Some chose otherwise, of course - perhaps most notoriously Jimmy Page, whose death while resisting arrest during the Siege of Tower House made him a martyr for holdouts from the Windsor era. But it was Bowie's act that resonated more. He had, after all, been training for the role for most of his life, from the messianic posturing of Ziggy Stardust to his role as Jack Celliers (subtle initials, those) in Nagisa Oshima's Merry Christmas, Mr Lawrence. Bowie resisted this reading of his decision to willingly accept imprisonment ('Look, the facts are these. In the 1970s I fucked some thirteen year old girl. That was accepted at the time, but it was an act of moral and artistic dereliction. I am, quite literally and pace Python, not the Messiah, but a dirty old man. I didn't go to prison as some kind of Christ-like sacrifice. I'm not Oscar Wilde. I'm not a prisoner of war. This is where I belong!'), but it was a reading taken to heart by many, not least those in the Glampop movement who saw Bowie's act as a necessary sacrifice to redeem the positive elements of that genre - the sexual and gender fluidity, the playfulness, the utopianism - from their association with the sleaze supremos.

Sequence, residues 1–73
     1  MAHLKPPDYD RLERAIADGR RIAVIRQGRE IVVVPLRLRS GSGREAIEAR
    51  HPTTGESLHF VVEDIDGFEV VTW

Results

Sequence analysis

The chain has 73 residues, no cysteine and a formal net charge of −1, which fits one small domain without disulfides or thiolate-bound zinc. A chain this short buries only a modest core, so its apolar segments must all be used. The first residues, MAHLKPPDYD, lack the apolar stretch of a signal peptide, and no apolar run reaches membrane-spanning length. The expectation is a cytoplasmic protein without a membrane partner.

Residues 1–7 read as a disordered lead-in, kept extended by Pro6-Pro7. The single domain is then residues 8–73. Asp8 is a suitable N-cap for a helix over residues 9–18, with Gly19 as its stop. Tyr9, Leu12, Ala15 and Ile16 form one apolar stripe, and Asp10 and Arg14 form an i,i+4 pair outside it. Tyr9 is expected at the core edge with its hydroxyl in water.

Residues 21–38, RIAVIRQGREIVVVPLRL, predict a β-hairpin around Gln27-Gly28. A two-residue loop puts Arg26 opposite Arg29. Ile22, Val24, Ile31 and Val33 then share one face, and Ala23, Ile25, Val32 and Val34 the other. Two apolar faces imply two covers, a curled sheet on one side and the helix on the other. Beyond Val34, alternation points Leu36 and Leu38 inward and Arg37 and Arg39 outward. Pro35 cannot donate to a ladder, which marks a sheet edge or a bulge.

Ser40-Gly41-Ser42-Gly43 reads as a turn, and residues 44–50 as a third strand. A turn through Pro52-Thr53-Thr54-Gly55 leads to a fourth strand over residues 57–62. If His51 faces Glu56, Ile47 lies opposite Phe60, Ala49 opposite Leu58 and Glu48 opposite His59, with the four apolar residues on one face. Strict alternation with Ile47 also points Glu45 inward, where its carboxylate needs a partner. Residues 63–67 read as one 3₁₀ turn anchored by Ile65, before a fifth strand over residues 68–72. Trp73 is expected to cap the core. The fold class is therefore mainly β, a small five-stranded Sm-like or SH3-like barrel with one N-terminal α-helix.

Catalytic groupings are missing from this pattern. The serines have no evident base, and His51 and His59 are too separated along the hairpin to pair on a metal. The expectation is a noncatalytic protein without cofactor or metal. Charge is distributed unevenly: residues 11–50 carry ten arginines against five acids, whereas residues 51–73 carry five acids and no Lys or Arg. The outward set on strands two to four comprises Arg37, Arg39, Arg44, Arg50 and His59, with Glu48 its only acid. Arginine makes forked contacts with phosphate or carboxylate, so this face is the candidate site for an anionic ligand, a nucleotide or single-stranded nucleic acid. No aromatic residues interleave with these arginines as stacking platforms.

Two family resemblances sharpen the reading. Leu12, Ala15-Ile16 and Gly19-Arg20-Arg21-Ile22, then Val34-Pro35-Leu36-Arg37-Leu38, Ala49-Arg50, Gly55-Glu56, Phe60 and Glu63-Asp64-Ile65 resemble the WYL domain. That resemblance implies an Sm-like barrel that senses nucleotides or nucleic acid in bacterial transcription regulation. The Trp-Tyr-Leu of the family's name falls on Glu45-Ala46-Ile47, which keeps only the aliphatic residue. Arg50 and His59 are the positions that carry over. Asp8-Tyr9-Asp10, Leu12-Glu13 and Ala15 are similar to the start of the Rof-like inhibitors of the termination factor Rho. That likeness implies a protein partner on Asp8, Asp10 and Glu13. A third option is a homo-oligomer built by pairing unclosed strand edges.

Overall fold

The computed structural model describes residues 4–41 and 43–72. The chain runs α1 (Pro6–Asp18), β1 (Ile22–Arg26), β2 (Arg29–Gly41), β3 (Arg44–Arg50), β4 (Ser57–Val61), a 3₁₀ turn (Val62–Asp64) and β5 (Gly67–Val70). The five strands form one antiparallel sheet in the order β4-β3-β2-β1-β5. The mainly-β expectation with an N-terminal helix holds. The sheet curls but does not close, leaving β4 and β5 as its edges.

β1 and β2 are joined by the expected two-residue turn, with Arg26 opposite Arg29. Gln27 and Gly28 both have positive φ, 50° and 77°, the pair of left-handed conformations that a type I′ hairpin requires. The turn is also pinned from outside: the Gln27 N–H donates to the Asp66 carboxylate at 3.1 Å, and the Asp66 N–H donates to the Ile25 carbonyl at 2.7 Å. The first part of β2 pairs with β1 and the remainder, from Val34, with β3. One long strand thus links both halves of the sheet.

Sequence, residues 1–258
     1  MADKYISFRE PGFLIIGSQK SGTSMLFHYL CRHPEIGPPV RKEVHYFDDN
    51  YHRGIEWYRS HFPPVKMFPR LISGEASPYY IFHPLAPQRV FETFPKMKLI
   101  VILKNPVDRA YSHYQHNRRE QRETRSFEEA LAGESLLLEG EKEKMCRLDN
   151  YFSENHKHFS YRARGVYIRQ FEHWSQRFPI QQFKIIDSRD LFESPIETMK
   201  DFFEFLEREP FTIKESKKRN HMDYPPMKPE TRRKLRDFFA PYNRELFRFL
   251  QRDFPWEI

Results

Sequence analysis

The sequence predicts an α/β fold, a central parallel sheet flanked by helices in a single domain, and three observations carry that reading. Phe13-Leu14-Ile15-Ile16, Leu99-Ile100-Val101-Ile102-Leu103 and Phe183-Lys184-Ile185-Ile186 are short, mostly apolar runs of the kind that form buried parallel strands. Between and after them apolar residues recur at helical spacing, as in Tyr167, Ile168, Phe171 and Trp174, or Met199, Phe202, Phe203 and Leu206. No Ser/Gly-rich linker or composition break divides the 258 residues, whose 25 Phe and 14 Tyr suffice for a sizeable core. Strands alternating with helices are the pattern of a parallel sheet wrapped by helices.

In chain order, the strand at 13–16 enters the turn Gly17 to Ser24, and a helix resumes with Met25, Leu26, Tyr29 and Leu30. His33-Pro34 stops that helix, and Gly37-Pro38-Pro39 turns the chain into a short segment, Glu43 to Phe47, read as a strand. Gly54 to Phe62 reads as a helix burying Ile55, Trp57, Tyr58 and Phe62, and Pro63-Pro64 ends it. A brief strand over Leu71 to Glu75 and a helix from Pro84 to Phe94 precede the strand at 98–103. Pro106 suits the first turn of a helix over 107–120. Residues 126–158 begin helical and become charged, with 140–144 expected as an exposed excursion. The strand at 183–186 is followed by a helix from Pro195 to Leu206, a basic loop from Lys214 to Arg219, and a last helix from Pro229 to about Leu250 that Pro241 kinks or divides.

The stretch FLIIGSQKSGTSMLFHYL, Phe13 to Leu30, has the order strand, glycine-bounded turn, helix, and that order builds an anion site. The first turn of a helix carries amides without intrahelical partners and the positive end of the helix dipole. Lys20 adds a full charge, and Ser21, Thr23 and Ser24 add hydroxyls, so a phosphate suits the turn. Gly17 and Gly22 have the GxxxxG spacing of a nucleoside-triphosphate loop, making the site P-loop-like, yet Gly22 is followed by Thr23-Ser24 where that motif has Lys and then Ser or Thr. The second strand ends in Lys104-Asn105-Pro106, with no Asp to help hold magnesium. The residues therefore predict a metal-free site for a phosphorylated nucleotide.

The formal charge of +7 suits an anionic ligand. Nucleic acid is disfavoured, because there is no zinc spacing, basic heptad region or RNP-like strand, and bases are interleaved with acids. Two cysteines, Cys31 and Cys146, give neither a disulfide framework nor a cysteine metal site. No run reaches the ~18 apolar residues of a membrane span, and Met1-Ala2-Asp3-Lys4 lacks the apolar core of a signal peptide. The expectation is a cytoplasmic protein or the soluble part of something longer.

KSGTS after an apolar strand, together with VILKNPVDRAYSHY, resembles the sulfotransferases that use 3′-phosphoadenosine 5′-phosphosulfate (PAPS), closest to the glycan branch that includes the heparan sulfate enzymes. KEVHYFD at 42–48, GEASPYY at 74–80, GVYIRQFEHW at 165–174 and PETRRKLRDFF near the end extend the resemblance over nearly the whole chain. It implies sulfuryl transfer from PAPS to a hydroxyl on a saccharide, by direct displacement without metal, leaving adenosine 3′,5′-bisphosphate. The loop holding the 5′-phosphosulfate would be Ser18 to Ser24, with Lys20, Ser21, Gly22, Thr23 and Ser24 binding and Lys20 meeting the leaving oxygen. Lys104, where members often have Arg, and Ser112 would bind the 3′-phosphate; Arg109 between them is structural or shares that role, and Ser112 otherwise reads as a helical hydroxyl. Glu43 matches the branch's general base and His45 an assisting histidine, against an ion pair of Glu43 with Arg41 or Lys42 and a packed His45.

But it's Bowie's prison records that are the real triumph. Both a fascinating document of a man coming to terms with his guilt and resolving to live better, and as an endorsement of the Artists' Prison system, in which prisoners, though deprived of liberty of movement, are provided with the necessary facilities to keep creating their art, profits from the sale of which are used by the Government of the Republic to fund initiatives to help survivors of sexual violence. Bowie was particularly enthusiastic about this financial aspect - so much so that he refused the option to have a percentage of the profits from what we now know to be his final album, Blackstar, placed in a fund to help with living expenses on his release. 'I'm hardly going to starve on the outside,' he told reporters in his final interview. 'People are going to want the first post-prison interview, so if I want money I can always start a bidding war for that if necessary. Or sell some paintings. Or do some acting! I've missed films. There are lots of options and even if I do fall utterly on my arse, Albia has one of the most comprehensive social welfare systems on the planet. I can live quite comfortably on my Republic Pension if I have to, a lot more comfortably than I remember people living before the war. The Blackstar money should be treated the same as the others. I'll be fine.'